We regret the error, and will do our best in future to ensure that no similar mistakes are made again. And now, on with the tour.
A Horn That Grew From The Head Of A Boy
CONTENT WARNINGS: Death of a child (Implied, Murder), Parental Neglect, Mob Violence.
In this case, you will see a horn, roughly 9.6 inches in length, with an ornate spiral pattern from tip to base. Patrons familiar with the traditional animal kingdom might think it belongs to an adolescent narwhal, or perhaps a unicorn. However, this horn is special, because it comes from a most unusual and specific place: the head of a young boy.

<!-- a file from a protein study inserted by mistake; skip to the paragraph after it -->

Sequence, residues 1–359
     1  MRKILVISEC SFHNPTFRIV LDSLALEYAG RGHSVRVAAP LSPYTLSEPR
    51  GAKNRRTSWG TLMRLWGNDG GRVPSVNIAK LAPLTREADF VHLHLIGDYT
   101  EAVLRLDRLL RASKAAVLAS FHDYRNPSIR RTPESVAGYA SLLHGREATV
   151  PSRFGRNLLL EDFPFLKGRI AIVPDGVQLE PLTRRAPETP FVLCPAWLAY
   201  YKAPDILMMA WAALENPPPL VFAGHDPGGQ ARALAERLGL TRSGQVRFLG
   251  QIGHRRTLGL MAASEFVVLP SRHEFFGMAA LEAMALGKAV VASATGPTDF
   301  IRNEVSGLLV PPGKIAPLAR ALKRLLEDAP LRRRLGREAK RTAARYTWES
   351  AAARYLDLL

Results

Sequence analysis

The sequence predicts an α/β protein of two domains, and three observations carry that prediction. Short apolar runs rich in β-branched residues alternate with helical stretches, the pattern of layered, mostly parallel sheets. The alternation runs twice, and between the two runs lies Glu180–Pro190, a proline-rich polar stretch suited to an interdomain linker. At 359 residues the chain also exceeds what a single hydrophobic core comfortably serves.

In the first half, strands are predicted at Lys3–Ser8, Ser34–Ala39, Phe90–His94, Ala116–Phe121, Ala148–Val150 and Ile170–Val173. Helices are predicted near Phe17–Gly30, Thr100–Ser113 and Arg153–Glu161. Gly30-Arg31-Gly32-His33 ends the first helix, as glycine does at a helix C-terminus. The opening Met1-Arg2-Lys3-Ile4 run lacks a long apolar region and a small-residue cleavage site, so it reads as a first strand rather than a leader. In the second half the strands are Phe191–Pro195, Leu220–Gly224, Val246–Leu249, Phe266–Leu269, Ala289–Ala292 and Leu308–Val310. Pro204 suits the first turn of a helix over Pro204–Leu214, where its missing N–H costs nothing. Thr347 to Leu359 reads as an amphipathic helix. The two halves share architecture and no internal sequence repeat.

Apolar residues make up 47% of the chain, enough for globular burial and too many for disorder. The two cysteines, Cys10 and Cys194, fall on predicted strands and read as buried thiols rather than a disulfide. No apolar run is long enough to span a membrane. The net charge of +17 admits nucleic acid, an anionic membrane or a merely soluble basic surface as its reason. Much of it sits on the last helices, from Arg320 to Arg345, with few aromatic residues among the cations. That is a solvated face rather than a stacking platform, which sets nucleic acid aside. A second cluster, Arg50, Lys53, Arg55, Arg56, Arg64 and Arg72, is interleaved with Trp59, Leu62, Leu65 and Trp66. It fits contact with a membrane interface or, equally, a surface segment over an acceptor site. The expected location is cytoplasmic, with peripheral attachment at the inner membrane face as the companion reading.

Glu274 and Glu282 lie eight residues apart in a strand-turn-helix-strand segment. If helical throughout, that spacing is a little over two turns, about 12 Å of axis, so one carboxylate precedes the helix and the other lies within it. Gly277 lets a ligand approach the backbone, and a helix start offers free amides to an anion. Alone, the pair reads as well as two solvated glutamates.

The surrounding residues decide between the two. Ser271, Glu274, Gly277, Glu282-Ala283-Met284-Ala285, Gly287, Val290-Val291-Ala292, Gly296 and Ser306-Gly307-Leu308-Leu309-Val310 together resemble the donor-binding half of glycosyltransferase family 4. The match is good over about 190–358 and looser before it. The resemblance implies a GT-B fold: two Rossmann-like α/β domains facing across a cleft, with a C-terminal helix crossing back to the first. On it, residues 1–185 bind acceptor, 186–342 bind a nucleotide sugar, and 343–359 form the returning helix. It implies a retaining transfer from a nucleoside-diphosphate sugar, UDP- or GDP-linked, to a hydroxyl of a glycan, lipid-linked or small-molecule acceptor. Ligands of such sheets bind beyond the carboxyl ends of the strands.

The boy in question, whose name has been lost to time, was born somewhere in central Europe several centuries ago. His story has been twisted and mythologised a great deal in the years since but, as is so often the case with folk stories there is a grain of truth. He was, with the exception of the horn, a perfectly normal young boy physically. Mentally, he was what people in his time would describe as “touched”, with a dreamy disposition and a predilection for silence. His mother had died giving birth to him, and by some circumstance or another, he became a traveling performer in the employ of a man believed to be his father. They would travel from town to town, stopping at each location to set up a small stage from their wagon and put on a show. The man would spin some fanciful tale about the boy while the boy did as he pleased; sometimes he would roam the crowd touching babies on their foreheads to “bless” them, others he would simply sit on the stage in silence. The main attraction was his unique deformity. The man would tailor the superficial details of the performance to the mood of the boy, as well as the time and the location; most accounts hold that he was quite shrewd in this regard, and that he and the boy made a handsome income for several years- though the man saw most of the benefit, as after each performance the boy was locked in a cage in the back of the wagon. This run of good fortune came to an end quite suddenly late one winter, when they reached a mining town deep in the mountains.